Asked why the rate of peasant participation in collective work was low, many villagers claimed that working collectively was unprofitable and lacked flexibility compared with working individually or for wages. Many better-off families were coerced to join farming collectives, but were disappointed (chán nản) because they lost their land and the income earned from collective farming was small compared with their previous earnings. They had previously owned considerable amounts of land and enjoyed a better life. A former chairman of production unit no. 2 recalled that his unit actually coerced people into joining, but they did not trust collective farming. Some joined but did not work collectively at all and did not receive any work-points for the whole season; some worked for a few days and earned 10–20 points to avoid being labelled anti-government by the authorities. Some worked for production units for just one or two seasons and then were so disappointed they found jobs elsewhere. So, the percentage of peasants who did collective work in the fields was low—about 10 to 20 per cent.53 A full-time member of a production unit whose husband was a production unit cadre recalled:

Others worked only three out of 10 days. We worked 10 out of 10 days. Some better-off people joined but rarely went to work. The production unit had more than 400 công [40 hectares] of land and 100 labourers but only about seven to eight people went to do collective work in the field daily. Therefore, we had to work a lot, working to death [làm muốn chết].54

‘The outside foot was longer than the inside foot’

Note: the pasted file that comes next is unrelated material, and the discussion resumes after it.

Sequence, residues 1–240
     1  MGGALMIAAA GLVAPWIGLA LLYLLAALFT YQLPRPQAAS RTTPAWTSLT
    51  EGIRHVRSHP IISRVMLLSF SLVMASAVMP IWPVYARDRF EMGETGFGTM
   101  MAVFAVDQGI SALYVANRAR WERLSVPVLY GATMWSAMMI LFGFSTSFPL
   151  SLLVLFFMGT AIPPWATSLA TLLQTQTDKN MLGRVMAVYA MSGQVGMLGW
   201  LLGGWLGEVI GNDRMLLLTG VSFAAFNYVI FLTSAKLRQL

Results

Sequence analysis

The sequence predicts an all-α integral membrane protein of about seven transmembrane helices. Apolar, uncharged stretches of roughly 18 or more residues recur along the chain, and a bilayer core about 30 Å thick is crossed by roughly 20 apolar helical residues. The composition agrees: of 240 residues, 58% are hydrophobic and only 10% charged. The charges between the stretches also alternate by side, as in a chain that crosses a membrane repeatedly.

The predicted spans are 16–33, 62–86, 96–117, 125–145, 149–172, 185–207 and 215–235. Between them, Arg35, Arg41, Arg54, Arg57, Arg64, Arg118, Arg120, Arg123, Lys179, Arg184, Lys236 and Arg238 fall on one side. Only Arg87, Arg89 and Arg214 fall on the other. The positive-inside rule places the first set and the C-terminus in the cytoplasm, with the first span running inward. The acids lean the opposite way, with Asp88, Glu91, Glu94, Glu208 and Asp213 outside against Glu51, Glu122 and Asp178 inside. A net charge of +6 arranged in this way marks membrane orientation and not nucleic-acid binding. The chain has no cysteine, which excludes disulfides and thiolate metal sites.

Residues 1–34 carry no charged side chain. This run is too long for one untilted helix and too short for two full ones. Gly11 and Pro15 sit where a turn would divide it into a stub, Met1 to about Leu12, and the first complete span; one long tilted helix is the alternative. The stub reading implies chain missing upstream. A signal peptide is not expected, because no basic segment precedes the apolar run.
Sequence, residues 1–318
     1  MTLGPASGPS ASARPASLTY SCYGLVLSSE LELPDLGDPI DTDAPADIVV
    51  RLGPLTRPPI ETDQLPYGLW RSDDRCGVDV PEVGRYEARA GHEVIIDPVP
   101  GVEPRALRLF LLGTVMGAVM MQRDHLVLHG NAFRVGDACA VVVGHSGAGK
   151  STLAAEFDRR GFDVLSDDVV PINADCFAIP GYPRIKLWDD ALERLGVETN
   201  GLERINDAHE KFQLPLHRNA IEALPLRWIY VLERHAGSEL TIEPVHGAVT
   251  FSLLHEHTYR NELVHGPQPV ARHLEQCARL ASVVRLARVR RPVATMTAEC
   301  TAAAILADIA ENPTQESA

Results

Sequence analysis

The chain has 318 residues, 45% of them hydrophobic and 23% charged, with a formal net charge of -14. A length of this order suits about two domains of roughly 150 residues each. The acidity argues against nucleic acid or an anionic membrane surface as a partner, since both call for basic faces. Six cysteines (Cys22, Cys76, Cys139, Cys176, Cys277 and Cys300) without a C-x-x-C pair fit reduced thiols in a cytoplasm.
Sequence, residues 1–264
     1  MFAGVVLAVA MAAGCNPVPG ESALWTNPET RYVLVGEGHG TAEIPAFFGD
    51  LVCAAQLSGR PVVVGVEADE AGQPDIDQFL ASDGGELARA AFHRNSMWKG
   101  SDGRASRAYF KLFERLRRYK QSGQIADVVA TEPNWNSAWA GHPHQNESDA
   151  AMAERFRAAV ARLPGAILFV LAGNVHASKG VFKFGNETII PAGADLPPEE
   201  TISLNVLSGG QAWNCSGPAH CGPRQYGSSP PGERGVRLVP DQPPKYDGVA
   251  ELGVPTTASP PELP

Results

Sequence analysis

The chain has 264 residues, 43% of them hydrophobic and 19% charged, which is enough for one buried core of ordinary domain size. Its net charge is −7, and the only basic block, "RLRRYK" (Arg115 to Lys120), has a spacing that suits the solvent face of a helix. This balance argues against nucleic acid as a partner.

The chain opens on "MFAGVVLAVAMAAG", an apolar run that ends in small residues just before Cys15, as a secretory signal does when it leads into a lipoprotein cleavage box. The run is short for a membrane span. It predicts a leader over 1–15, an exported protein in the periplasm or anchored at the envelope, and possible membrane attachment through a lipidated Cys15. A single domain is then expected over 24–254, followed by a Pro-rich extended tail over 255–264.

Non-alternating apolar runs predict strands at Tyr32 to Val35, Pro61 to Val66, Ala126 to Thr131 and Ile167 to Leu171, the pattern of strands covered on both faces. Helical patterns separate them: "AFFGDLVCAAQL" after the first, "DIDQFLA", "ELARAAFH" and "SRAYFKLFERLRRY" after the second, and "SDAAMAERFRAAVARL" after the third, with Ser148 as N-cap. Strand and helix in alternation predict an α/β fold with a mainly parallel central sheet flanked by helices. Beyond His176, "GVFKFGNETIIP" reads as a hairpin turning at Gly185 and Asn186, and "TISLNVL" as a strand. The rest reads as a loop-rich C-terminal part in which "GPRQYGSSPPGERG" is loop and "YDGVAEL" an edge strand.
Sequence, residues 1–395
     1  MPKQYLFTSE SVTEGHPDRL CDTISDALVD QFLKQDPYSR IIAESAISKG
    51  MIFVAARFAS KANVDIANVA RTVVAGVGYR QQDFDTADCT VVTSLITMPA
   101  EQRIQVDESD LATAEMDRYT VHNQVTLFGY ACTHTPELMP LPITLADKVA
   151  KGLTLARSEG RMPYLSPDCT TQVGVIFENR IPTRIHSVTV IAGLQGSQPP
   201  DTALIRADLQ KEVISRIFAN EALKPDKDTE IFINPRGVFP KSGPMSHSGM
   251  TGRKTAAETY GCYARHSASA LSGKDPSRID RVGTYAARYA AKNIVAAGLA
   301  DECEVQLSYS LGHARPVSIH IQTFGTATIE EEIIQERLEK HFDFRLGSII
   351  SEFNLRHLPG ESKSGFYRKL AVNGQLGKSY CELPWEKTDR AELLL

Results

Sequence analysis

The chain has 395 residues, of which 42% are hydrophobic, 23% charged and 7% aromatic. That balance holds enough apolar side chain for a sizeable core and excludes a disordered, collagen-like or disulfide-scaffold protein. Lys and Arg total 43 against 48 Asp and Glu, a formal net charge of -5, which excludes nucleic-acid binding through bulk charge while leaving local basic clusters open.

It was common for peasants in the Mekong Delta to try to evade collective farming and make a living outside the production unit. Even some production unit cadres were focused on jobs outside the unit. Those who had boats used them to do trading; those who had relatives in places where collective farming had not yet been established borrowed land to make a living there. Because many places had not yet been collectivised, peasants could easily borrow land to avoid joining collective farming.55 A former chairman of production unit no. 1 fits this pattern:

Our production unit was established in 1979. In the first season, the value of work-points was really good [more than 10 kilograms per workday], but after that the value of work-points deteriorated. At the end of 1980, because of the flood, the value of work-points was only 0.7 kilogram. At that time, many peasants left the production unit to do outside jobs. But in the following season many of them came back to the production unit because of the increased value of work-points. The higher the value of work-points peasants received, the larger the number of peasants who participated in the production unit.56

He also admitted that many peasants and cadres, and even his own family, had to ‘keep one foot within and another outside the production unit’ (giữ chân ngoài chân trong).

This phenomenon was widespread across many collectives in An Giang. The An Giang newspaper reported in August 1980 that, when authorities in Mỹ Lương commune in Chợ Mới district established production unit no. 2, many peasants resisted fiercely; some joined but ‘kept one foot within and another outside’, and the ‘outside foot was longer than the inside one’ (chân ngoài dài hơn chân trong). The number of labourers doing collective work in the fields was very low—sometimes only 20–30 labourers (out of 113) worked in the fields.57 Similarly, in production unit no. 1 in Chau Long 4 hamlet, some peasants did not do collective farming properly; they also kept ‘the outside foot longer than the inside one’. The rate of peasant participation depended on the performance of the production unit. If the unit’s performance was good, many engaged in collective work; but, if it was bad, many would leave and find jobs elsewhere. In some families, only one member worked for the production unit, while the remaining members worked outside it to ensure their livelihoods (xoay sở cuộc sống).58

In short, peasants in Long Điền B and An Giang did not devote the majority of their time, energy and resources to collective farming. Because they lacked confidence in collective farming, many peasants kept ‘one foot within and another outside the production unit’. This shows that peasants in An Giang had more options than their counterparts in QN-ĐN to avoid or minimise the disadvantages of collective farming.